Very often, reality proves that things aren't so simple - speed of selling and asking prices are usually mutually exclusive. An over-priced property will not receive as much attention from agents and buyers because they know the listing agent or the seller is "asking too much". A quick search on the internet and newspaper classifieds will easily reveal the "market price" of a property. Even if there may be buyers who are emotionally attached to the property (reasons such as - used to live there during childhood, parents staying nearby), they are obviously not going to find the "attachment" if they don't even bother to go view the property.

Either the seller needs to get realistic and reduce the price to market level or risk holding onto the investment going over peak of the property cycle and eventually having to sell off the property at a discount off what he initially could have received when prices were on the uptrend (when there could have been lots of interest for the property).

Many property agents dislike having to correct the price expectations of the home sellers because by agreeing to the seller's price (even if it's obviously going to be a record high price), agents will be able to get the exclusive listing from the seller more easily.

However, what home sellers don't understand is this - if the property is not sold within the first 30 days, the number of interested buyers will reduce greatly (less buyers generally mean less interests, less competition and less probability of a high price). Buyers' agents are not interested in bringing buyers to this property anymore. They simply won't waste time recommending or showing the property to buyers, when they know the buyers will never match the asking price for this property.

So, if the seller's agent is unable to get a price reduction from the seller, fact of the matter is, he is simply going to leave the property in the back of his "to-do" folder and concentrate time and resources on another property listing which is more reasonably priced. Meanwhile the exclusive agreement still continues and the seller is still paying the maintenance, mortgage, etc on the property.

Properly priced properties will ensure there's maximum exposure and interests for the property and sellers get "the best price" possible, in the shortest time. Properties that are priced correctly will typically sell within 2 to 4 weeks of being listed.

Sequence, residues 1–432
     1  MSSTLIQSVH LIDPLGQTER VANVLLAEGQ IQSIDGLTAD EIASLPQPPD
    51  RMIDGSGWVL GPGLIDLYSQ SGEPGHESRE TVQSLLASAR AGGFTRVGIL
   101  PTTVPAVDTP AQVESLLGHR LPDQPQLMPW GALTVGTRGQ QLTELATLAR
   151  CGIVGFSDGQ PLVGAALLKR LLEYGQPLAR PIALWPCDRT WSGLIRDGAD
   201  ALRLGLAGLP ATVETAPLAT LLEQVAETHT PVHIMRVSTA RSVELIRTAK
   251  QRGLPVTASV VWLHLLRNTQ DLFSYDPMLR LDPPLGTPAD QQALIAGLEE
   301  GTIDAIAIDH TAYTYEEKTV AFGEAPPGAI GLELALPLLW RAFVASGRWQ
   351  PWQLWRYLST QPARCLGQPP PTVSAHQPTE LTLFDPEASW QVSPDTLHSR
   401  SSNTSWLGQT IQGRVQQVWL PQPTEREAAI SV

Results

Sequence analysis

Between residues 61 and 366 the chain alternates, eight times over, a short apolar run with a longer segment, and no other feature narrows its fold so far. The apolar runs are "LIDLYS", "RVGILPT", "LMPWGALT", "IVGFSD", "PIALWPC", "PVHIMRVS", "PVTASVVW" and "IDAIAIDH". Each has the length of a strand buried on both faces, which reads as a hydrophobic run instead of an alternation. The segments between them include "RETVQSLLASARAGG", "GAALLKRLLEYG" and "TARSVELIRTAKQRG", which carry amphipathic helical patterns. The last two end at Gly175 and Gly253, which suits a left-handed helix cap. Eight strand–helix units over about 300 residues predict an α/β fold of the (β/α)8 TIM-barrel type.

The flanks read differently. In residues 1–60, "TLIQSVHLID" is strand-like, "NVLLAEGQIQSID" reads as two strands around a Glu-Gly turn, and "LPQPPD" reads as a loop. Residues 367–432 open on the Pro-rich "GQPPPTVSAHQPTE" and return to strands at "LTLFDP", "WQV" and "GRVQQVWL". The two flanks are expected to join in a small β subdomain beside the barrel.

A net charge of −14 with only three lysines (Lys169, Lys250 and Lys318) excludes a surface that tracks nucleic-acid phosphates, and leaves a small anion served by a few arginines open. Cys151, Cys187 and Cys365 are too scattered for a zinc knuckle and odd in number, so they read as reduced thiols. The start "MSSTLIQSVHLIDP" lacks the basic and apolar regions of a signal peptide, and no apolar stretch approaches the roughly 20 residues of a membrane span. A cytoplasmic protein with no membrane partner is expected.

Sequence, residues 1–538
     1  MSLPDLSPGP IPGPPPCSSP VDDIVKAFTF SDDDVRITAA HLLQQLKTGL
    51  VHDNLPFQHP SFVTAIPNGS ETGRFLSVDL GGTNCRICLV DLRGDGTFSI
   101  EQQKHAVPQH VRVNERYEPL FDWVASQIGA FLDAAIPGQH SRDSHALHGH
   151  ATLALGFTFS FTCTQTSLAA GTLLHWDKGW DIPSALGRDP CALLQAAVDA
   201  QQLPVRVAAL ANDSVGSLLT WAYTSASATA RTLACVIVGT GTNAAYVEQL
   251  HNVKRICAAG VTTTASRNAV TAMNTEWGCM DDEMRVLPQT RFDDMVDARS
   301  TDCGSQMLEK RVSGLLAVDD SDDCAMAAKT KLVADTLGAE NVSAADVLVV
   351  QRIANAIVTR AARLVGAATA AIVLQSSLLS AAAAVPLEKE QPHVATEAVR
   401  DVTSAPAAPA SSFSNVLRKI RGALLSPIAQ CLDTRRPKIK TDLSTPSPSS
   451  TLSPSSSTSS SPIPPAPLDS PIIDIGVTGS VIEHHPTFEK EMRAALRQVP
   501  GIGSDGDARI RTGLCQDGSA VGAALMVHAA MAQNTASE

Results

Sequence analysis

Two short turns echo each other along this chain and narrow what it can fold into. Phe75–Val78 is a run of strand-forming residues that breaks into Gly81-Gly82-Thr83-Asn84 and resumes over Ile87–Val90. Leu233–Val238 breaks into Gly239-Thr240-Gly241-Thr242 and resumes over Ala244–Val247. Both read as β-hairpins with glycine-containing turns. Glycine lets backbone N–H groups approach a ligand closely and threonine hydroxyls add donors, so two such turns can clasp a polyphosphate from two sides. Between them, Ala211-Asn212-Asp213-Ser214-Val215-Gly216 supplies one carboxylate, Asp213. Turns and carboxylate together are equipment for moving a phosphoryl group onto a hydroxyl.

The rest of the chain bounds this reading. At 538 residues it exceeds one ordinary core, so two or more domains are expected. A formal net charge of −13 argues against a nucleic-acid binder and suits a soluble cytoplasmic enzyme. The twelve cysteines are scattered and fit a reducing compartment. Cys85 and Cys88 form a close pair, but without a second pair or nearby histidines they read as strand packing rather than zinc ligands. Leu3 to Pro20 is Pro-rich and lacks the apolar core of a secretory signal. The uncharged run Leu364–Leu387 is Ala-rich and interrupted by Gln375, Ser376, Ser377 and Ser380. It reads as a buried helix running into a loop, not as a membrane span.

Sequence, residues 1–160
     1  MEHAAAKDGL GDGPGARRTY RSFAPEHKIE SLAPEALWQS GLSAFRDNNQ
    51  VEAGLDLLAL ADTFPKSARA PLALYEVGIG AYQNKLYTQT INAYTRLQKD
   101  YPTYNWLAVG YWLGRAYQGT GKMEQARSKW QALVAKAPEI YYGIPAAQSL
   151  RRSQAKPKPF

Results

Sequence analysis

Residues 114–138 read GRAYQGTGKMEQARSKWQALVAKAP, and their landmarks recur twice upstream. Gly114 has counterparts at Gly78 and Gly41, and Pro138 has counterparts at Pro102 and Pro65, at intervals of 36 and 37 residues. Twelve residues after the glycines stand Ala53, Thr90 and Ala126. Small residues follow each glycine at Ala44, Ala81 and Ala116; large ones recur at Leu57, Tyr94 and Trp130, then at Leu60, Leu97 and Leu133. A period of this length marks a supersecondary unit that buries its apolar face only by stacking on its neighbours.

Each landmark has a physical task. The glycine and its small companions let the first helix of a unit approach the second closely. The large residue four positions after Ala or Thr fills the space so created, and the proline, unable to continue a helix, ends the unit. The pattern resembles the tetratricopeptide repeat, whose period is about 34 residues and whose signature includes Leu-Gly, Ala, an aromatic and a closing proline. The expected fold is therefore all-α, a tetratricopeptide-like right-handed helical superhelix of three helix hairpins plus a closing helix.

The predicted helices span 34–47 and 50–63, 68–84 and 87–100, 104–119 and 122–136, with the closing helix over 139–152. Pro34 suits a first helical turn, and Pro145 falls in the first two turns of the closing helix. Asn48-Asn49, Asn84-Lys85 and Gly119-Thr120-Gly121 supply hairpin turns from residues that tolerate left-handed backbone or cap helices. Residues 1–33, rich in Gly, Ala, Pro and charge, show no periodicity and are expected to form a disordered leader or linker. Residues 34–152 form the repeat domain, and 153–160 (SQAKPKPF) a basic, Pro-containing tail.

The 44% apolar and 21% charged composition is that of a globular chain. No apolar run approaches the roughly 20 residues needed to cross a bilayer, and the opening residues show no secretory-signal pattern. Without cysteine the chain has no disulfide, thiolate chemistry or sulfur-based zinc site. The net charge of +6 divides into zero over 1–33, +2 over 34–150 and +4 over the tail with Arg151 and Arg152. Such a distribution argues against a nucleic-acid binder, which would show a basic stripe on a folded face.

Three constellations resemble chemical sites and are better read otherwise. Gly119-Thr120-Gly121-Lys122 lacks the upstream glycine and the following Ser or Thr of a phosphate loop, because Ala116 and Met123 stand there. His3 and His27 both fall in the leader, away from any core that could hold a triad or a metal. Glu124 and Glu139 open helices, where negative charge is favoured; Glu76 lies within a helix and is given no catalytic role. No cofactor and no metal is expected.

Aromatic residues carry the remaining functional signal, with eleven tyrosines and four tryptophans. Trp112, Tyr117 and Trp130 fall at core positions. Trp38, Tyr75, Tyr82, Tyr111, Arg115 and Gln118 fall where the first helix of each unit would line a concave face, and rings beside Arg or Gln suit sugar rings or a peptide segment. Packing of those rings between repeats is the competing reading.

Valuation is merely an indication of the possible value placed on this property. The price is what the buyers are willing to offer to secure ownership of the property. These are two very different concepts.

Only during a rising market, will buyers be happy to pay a premium over valuation. The competition from multiple interested parties will help sellers maintain an advantageous position and sell the property at a premium price to the "highest bidder".

Property sellers should take advantage of the market cycle (uptrend) to secure a high price (not overprice) for their property. Missing out on the opportunity to capitalise on the market uptrend might turn out to be a costly mistake later. Studies have often shown that prices rise slower during uptrend but crash faster during downtrends. Once "the peak" is reached, or generally perceived to be reached, the only way is down and buyers will turn up (if they even turn up) offering ridiculous discounts off valuation. Holding onto the property investment to wait for the next uptrend in the cycle could mean a holding time period of 3 to 5 years. The smarter alternative would have been for the seller to cash out of this investment, lock in the profits, put the funds to use in other more liquid investments (with more stable & higher returns) whilst waiting for the next downtrend and ride on the market cycle once again (this time - with even more capital funds to invest).